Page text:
The rise in physicians prescribing pain medications such as oxycodone and hydrocodone came as medical groups began recognizing that patients have the right to be treated for pain, Kaspar Stoffelmayr, an attorney for Walgreens, said at the opening of the trial.
The problem, he said, was “pharmaceutical manufacturers tricked doctors into writing way too many pills.”
The counties said pharmacies should be the last line of defense to prevent the pills from getting into the wrong hands.
The trial before Polster was part of a broader constellation of about 3,000 federal opioid lawsuits consolidated under his supervision. Other cases are moving ahead in state courts.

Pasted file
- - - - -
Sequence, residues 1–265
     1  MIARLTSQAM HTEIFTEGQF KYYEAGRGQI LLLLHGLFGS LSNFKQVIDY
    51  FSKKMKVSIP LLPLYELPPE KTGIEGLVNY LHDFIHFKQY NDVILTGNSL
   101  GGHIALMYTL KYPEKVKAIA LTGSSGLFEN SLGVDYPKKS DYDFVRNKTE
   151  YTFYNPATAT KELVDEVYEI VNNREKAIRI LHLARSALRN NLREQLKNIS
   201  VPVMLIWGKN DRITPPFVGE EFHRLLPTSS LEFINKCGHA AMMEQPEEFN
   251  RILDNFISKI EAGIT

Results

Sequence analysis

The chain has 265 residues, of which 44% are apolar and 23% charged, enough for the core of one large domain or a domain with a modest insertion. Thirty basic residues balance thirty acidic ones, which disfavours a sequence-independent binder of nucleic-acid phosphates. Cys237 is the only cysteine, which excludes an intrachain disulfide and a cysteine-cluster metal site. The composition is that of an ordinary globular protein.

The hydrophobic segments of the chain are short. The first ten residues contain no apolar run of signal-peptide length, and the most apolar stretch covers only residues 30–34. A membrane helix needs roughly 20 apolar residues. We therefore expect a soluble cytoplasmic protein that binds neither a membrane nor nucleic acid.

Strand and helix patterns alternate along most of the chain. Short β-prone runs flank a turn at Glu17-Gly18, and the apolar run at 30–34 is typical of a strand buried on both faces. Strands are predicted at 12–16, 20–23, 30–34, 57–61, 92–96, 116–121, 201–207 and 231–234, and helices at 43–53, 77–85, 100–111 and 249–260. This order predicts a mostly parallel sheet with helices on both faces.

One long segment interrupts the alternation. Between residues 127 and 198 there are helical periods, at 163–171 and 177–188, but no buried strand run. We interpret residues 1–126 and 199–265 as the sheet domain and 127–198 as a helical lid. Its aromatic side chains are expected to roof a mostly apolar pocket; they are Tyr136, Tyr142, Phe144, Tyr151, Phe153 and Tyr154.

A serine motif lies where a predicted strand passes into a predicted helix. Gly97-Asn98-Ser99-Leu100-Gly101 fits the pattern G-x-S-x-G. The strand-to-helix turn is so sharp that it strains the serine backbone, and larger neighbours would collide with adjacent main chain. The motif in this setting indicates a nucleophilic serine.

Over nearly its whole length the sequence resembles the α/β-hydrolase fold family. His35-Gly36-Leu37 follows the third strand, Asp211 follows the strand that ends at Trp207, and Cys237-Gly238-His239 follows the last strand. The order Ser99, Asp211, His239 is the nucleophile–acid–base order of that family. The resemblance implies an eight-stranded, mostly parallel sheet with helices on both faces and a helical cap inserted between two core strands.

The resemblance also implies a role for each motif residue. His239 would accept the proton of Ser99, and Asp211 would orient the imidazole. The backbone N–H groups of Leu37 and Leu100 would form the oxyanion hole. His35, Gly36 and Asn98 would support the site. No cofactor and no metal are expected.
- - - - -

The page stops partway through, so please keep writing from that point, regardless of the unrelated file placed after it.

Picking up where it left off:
Kevin Roy, chief public policy officer at Shatterproof, an organization that advocates for solutions to addiction, said in November that the verdict could lead pharmacies to follow the path of major distribution companies and some drugmakers that have reached nationwide settlements of opioid cases worth billions. So far, no pharmacy has reached a nationwide settlement.
Also on Wednesday, attorneys general from numerous states announced they had reached an agreement with Endo International to pay as much as $450 million over 10 years to settle allegations the company used deceptive marketing practices “that downplayed the risk of addiction and overstated the benefits” of opioids it produced.
Based in Ireland, Endo’s U.S. headquarters are in Malvern, Pennsylvania. The company did not respond Wednesday to telephone and email requests for comment.